LONDON — The U.K. pay TV market has “delivered significant benefits to consumers,” but there are “warning signs” relating to some areas where choice may be limited, regulator Ofcom has reported.
The org, which is being lobbied by rivals of satcaster BSkyB to look at its dominance, said the market delivers “reasonable” levels of consumer satisfaction, and — at $8 billion — the biggest source of revenue to the U.K. broadcast industry, but there were possible concerns.
These included whether vertically integrated combos like BSkyB have the incentive to sell their premium content, such as sport and movies, to other platforms and if firms are able to compete effectively for premium content.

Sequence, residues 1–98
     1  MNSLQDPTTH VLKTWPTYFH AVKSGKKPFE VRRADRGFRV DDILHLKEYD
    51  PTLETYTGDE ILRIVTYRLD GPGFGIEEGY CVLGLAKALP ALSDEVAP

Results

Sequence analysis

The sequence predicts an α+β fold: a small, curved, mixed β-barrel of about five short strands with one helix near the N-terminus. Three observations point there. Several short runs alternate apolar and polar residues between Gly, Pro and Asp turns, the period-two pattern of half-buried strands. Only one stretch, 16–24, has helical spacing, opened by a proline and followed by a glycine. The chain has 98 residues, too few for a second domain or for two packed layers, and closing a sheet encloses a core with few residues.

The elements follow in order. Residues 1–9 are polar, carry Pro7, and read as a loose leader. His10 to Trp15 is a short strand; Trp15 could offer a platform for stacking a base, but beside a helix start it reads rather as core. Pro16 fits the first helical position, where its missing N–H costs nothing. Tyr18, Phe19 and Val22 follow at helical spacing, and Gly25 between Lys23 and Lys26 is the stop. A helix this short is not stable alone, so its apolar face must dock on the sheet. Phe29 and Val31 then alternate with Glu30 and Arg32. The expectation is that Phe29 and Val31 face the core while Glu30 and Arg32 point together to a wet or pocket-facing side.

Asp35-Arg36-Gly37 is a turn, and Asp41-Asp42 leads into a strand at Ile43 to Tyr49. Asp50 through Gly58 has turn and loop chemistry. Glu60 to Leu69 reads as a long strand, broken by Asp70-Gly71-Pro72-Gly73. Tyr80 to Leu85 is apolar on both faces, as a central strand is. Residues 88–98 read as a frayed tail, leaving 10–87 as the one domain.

Ofcom also suggested that the practice of consumers having to buy a basic package before they are allowed to buy premium content could be limiting choice.
Publication of the 133-page Ofcom document came as the regulator launched a consultation on competition in the U.K. pay TV market.
A submission from BSkyB’s rivals, including cable giant Virgin Media and sports specialist Setanta, accused the satcaster of running “a vicious circle of control,” especially over film and sports rights, which crushes competition.
Ofcom said it had “not yet reached a view on the existence of competition problems.”
BSkyB and Virgin Media are involved in a bitter dispute after they failed to agree a new carriage deal for Sky channels in February.
This led to the satellite platform pulling several webs, including Sky One, from Virgin.